The answer is yes, and in more ways than one. An eye-opening book and a pleasure to read.

COSBY

HIS LIFE AND TIMES

Readable, thoughtful life of the brilliant comedian and entrepreneur.

Later generations of comedians have made a good living from portraying Bill Cosby (b. 1937) as a milquetoast unwilling to court controversy. They’re unfounded, suggests Whitaker (My Long Trip Home: A Family Memoir, 2011), who was the first African-American editor of Newsweek. Cosby may incline toward a kind of meritocratic conservatism, but when he was at the peak of his game, he was always bending and breaking the rules, “stubbornly dispensing with all of the usual ingredients.” He was also a pioneer, the Jackie Robinson of popular entertainment, the first black comedian to find true superstardom among a predominantly white audience, using that renown to subtly advance the civil rights agenda—the operative word being subtly, for vehicles such as the 1960s TV hit series I Spy were phenomenally influential in simply depicting the possibility of black and white people working together and enjoying friendship without reference to race at all. Nonconfrontational but earnest, Cosby also made a fortune for NBC—so much so, as Whitaker chronicles, that at one point, Cosby came close to buying the network. The author traces Cosby’s rise, drawing on elements of his own life for comedic material; as Whitaker charts Cosby’s growing success and elevation to one of the richest men in show business, he turns up episodes in which the eminently avuncular, cardigan-wearing comic exercised a steeliness and rough temper that “could flare suddenly and sometimes violently, particularly when he thought he was being disrespected.” (For an example of Cosby’s brawling capacities, see his encounter with mild-mannered liberal icon Tommy Smothers, Whitaker’s account of which is worth the book’s cover price alone.) Whitaker closes this lucid, often entertaining biography with a pointed look at the oft-mooted question: Did Bill Cosby make Barack Obama possible?

The answer is yes, and in more ways than one. An eye-opening book and a pleasure to read.

Pub Date: Sept. 16, 2014

ISBN: 978-1-4516-9797-1

Page Count: 544

Publisher: Simon & Schuster

Review Posted Online: July 27, 2014

Kirkus Reviews Issue: Aug. 15, 2014

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If the authors are serious, this is a silly, distasteful book. If they are not, it’s a brilliant satire.

THE 48 LAWS OF POWER

The authors have created a sort of anti-Book of Virtues in this encyclopedic compendium of the ways and means of power.

Everyone wants power and everyone is in a constant duplicitous game to gain more power at the expense of others, according to Greene, a screenwriter and former editor at Esquire (Elffers, a book packager, designed the volume, with its attractive marginalia). We live today as courtiers once did in royal courts: we must appear civil while attempting to crush all those around us. This power game can be played well or poorly, and in these 48 laws culled from the history and wisdom of the world’s greatest power players are the rules that must be followed to win. These laws boil down to being as ruthless, selfish, manipulative, and deceitful as possible. Each law, however, gets its own chapter: “Conceal Your Intentions,” “Always Say Less Than Necessary,” “Pose as a Friend, Work as a Spy,” and so on. Each chapter is conveniently broken down into sections on what happened to those who transgressed or observed the particular law, the key elements in this law, and ways to defensively reverse this law when it’s used against you. Quotations in the margins amplify the lesson being taught. While compelling in the way an auto accident might be, the book is simply nonsense. Rules often contradict each other. We are told, for instance, to “be conspicuous at all cost,” then told to “behave like others.” More seriously, Greene never really defines “power,” and he merely asserts, rather than offers evidence for, the Hobbesian world of all against all in which he insists we live. The world may be like this at times, but often it isn’t. To ask why this is so would be a far more useful project.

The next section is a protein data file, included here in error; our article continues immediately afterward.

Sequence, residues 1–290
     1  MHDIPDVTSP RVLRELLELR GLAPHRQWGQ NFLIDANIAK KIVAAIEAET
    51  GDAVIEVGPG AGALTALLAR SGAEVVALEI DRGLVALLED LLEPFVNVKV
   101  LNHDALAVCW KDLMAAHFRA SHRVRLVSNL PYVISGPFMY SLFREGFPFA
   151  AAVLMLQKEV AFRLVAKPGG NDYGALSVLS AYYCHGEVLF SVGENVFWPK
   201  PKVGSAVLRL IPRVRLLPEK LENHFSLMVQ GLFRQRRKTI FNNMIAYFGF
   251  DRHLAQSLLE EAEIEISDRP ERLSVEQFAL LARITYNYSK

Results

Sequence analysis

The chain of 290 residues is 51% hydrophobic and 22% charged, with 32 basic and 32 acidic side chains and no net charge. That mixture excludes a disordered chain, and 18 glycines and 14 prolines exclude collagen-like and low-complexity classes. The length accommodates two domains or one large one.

If the authors are serious, this is a silly, distasteful book. If they are not, it’s a brilliant satire.

Pub Date: Sept. 1, 1998

ISBN: 0-670-88146-5

Page Count: 430

Publisher: Viking

Review Posted Online: May 20, 2010

Kirkus Reviews Issue: July 15, 1998

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The author's youthfulness helps to assure the inevitable comparison with the Anne Frank diary although over and above the...

NIGHT

Elie Wiesel spent his early years in a small Transylvanian town as one of four children. 

He was the only one of the family to survive what Francois Maurois, in his introduction, calls the "human holocaust" of the persecution of the Jews, which began with the restrictions, the singularization of the yellow star, the enclosure within the ghetto, and went on to the mass deportations to the ovens of Auschwitz and Buchenwald. There are unforgettable and horrifying scenes here in this spare and sombre memoir of this experience of the hanging of a child, of his first farewell with his father who leaves him an inheritance of a knife and a spoon, and of his last goodbye at Buchenwald his father's corpse is already cold let alone the long months of survival under unconscionable conditions. 

The author's youthfulness helps to assure the inevitable comparison with the Anne Frank diary although over and above the sphere of suffering shared, and in this case extended to the death march itself, there is no spiritual or emotional legacy here to offset any reader reluctance.

Pub Date: Jan. 16, 2006

ISBN: 0374500010

Page Count: 120

Publisher: Hill & Wang

Review Posted Online: Oct. 7, 2011

Kirkus Reviews Issue: Jan. 15, 2006

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